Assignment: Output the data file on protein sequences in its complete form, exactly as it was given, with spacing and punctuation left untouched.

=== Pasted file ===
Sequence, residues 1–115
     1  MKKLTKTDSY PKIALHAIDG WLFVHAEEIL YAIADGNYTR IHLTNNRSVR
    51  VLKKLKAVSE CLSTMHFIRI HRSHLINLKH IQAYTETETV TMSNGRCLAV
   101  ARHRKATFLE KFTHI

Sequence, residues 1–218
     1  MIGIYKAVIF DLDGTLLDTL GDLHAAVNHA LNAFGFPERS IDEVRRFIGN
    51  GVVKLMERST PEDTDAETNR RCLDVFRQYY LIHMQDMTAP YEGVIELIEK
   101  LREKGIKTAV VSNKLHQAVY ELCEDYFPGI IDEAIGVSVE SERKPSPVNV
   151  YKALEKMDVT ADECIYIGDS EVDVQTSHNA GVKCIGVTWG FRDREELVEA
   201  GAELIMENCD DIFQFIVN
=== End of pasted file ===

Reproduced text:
Sequence, residues 1–115
     1  MKKLTKTDSY PKIALHAIDG WLFVHAEEIL YAIADGNYTR IHLTNNRSVR
    51  VLKKLKAVSE CLSTMHFIRI HRSHLINLKH IQAYTETETV TMSNGRCLAV
   101  ARHRKATFLE KFTHI

Sequence, residues 1–218
     1  MIGIYKAVIF DLDGTLLDTL GDLHAAVNHA LNAFGFPERS IDEVRRFIGN
    51  GVVKLMERST PEDTDAETNR RCLDVFRQYY LIHMQDMTAP YEGVIELIEK
   101  LREKGIKTAV VSNKLHQAVY ELCEDYFPGI IDEAIGVSVE SERKPSPVNV
   151  YKALEKMDVT ADECIYIGDS EVDVQTSHNA GVKCIGVTWG FRDREELVEA
   201  GAELIMENCD DIFQFIVN